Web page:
Cause of Endometriosis and interesting facts about them!!
Endometriosis is an inflammatory disease where tissue similar to the lining of the uterus (called the endometrium) is found outside the uterus, causing pelvic pain and/or infertility.
The new paper comes from a UK team studying the mechanisms behind pain in endometriosis, mostly in mice artificially induced to have endometriosis.
They found mice with endometriosis had higher levels of a type of white blood cell (called a macrophage) than healthy mice. This led to increased production of a growth hormone known as insulin-like growth factor (IGF)-1.
When the levels of macrophages and IGF-1 were lowered, the mice behaved in ways that implied they had less pain.
While this was a very well-designed study and these insights might help us get closer to understanding why the pain in endometriosis seems to persist despite medical or surgical treatment
The researchers found evidence that IGF-1 was higher in both women and mice with endometriosis, and this rise was due to increased production by macrophages, which are associated with endometriosis.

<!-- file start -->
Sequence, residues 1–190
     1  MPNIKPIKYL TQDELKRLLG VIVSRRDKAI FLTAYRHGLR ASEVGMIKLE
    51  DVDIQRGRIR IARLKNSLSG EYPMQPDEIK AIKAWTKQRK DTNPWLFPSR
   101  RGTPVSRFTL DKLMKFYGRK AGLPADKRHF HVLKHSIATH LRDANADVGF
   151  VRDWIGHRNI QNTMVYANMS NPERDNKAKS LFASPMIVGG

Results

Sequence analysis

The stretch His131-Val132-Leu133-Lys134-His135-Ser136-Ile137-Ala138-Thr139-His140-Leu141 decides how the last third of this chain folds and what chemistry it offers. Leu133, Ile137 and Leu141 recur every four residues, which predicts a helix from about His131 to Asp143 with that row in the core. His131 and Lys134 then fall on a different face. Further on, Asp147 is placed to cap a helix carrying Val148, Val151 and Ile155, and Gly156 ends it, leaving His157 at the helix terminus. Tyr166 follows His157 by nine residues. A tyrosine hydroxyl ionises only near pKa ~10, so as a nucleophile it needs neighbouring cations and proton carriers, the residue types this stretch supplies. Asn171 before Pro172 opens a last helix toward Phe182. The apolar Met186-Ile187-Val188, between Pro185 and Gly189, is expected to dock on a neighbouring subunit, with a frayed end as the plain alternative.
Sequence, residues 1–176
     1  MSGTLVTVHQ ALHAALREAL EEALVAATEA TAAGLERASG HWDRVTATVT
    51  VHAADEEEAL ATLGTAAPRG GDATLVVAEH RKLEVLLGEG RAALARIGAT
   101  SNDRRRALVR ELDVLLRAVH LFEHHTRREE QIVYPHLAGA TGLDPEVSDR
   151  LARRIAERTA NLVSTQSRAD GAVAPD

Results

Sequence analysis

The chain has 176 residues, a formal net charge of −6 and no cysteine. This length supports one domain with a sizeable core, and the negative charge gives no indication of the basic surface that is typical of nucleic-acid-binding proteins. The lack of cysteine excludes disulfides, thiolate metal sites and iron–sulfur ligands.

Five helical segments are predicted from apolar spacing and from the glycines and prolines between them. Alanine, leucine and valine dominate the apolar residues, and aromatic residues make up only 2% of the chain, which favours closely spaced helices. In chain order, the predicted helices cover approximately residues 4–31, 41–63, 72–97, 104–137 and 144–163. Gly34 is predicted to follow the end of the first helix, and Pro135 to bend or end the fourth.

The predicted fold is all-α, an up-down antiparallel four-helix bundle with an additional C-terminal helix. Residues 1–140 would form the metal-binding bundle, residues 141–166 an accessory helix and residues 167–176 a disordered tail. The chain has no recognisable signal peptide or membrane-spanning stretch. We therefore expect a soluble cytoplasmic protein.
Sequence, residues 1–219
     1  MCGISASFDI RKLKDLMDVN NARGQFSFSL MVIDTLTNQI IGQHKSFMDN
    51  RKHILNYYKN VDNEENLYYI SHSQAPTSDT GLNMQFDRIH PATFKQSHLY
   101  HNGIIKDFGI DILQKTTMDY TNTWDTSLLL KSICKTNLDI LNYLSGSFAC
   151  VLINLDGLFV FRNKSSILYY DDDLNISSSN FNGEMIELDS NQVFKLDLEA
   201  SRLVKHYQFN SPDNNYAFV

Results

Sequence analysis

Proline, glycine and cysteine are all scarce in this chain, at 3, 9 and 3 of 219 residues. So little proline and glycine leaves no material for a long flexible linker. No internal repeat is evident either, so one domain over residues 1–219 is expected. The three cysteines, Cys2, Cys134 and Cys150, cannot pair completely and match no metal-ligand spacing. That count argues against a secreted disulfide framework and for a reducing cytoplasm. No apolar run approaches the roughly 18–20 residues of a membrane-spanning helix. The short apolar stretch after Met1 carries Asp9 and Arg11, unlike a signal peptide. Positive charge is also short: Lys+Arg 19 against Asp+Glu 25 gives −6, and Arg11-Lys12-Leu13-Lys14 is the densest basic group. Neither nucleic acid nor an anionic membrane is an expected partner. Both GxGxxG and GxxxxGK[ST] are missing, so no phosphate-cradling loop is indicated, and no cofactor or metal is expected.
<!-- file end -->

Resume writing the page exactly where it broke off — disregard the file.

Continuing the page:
These increased levels of IGF-1 seem to contribute to the pain experienced by mice with endometriosis. This is likely to occur because IGF-1 encourages nerve development, which makes that tissue more sensitive to pain.
It’s important to remember that mice are not just small, furry humans, so we need further studies to determine if these high levels of IGF-1 have the same contribution to pain in humans as in mice, and if reducing them has the same effect on pain that was observed in the mice experiments.
We also need to keep in mind that these mice had endometriosis for a relatively short time compared to the many years that women with endometriosis have the disease. There may be other changes occurring over the longer term that can’t be explored in these mice models.